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At-a-glance guide to articles in recent journals

Follow-up of patients with acne

Electronic follow-up of patients with acne can achieve similar outcomes to that of conventional face-to-face follow-up, a prospective trial has shown. Patients with mild to moderate acne were asked to 'attend' four follow-up sessions, either via the internet or in a conventional consultation with a dermatologist. At six-week intervals, those in the electronic visit group were prompted to use a secure website to send images of their skin and an update to their dermatologist, who responded with advice and electronic prescriptions. Among the 121 patients who completed the study, the decrease in total inflammatory lesion count was similar for both groups. Patients and dermatologists reported comparable satisfaction with care, regardless of visit type.
Watson AJ, Bergman H, Williams CM et al. Arch Dermatol 2010; 146: 406-11

Eczema risk in urban areas
The risk of developing eczema may be higher in urban areas compared with rural areas, according to a study carried out in The Netherlands. The systematic review included 26 papers comparing eczema prevalence in urban and rural areas. Nineteen studies showed a higher risk for eczema in an urban area (11 statistically significant); six studies showed a lower risk of eczema in an urban area (one statistically significant). The researchers say that place of residence might have a role in the pathogenesis of eczema.
Schram ME, Tedja AM, Spijker R et al. Br J Dermatol 2010; 162: 964-73

Treatment of infantile haemangioma
Prophylaxis, for example with trimethoprim, should be considered for infants treated with corticosteroids for infantile haemangioma, US researchers advise. Their study of 16 patients found significant reductions in B and T lymphocytes after corticosteroid administration. Immune function was also found to be affected: 13 patients had protective diphtheria titres and five had protective tetanus titres three months after discontinuing corticosteroid therapy, compared with baseline. The researchers recommend checking tetanus and diphtheria antibodies in patients treated with oral corticosteroids during the immunisation period, and additional immunisation if titres are not protective after corticosteroid therapy.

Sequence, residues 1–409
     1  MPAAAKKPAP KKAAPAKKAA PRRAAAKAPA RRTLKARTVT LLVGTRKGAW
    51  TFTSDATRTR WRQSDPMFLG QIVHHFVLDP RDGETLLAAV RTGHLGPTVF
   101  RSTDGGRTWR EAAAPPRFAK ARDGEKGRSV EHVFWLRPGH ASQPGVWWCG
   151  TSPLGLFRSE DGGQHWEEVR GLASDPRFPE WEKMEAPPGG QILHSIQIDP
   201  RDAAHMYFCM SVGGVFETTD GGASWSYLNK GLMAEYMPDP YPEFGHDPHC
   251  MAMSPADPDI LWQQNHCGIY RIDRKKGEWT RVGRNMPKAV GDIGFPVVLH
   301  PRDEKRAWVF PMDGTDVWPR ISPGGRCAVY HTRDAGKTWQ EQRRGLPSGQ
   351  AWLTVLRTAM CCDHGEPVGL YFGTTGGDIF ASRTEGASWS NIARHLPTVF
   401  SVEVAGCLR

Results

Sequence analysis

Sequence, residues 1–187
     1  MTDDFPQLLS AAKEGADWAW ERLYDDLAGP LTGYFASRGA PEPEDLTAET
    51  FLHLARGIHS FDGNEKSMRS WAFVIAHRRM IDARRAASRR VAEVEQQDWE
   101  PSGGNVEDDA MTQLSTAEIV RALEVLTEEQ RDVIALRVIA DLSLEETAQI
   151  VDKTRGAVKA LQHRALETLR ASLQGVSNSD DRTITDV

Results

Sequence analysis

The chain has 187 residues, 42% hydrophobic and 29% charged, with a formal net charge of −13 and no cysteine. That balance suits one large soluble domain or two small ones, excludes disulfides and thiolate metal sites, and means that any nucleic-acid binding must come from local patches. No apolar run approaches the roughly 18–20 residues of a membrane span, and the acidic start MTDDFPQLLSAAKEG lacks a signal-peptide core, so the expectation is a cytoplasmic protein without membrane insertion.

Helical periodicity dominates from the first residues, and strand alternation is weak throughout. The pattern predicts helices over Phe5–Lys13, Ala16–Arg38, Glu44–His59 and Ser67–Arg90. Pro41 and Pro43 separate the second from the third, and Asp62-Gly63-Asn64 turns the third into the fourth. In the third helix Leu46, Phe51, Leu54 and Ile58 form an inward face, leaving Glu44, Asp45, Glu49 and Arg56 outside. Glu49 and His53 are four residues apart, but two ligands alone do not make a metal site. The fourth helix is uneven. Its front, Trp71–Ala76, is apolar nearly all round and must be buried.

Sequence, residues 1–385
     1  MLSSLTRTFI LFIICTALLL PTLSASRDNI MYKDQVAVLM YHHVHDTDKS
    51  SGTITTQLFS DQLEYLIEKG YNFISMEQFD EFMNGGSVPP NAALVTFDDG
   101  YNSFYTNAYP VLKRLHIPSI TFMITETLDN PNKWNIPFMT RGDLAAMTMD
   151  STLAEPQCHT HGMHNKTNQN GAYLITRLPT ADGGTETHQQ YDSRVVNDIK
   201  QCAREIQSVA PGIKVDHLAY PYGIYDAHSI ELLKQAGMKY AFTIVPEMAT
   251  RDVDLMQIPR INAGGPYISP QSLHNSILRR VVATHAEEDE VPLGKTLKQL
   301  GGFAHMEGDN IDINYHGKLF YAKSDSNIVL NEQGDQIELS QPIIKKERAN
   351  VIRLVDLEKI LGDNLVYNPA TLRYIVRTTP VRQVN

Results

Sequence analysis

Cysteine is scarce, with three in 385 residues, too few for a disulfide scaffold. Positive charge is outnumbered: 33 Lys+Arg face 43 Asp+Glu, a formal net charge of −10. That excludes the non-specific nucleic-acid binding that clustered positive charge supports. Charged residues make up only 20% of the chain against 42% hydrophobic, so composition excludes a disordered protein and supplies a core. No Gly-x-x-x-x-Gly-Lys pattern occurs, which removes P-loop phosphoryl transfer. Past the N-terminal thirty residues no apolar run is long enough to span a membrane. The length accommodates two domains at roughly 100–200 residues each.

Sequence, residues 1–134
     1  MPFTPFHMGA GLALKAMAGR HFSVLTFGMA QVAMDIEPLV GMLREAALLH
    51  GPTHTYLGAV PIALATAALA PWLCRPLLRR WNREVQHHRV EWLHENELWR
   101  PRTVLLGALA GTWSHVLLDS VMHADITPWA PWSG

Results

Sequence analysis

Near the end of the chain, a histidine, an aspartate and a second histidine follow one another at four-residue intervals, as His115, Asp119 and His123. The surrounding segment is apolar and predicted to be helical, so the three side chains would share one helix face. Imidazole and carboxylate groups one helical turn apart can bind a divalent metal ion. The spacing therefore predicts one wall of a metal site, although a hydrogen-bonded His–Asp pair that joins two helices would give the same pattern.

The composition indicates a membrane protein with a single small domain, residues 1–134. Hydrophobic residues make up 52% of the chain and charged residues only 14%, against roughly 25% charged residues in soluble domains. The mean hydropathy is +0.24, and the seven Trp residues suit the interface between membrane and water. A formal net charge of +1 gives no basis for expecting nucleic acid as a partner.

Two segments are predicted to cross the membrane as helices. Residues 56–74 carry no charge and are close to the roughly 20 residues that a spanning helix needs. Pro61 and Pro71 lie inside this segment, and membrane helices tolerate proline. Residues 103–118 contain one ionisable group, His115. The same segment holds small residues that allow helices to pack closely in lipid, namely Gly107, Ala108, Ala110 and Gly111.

Kelly ME, Juern AM, Grossman WJ et al. Arch Dermatol 2010; 146: doi:10.1001/archdermatol.2010.90

Treatment of psoriasis at home
Home-based treatment should be the primary option for patients with psoriasis who are eligible for phototherapy with narrowband (TL-01) UVB, say researchers in The Netherlands. Average total cost by the end of phototherapy was 800 euros for home treatment and 752 euros for treatment in an outpatient setting, an incremental cost per patient of 48 euros. Cost utility analyses revealed that patients experienced equal health benefits from home versus outpatient phototherapy by the end of treatment and one year later. The study, which involved 196 adults, found that home phototherapy was cost-effective; the researchers say that because patients prefer home treatment, it should be the primary option offered.
Koek MB, Sigurdsson V, van Weelden H et al. BMJ 2010; 340: c1490

Post-treatment pain in varicose veins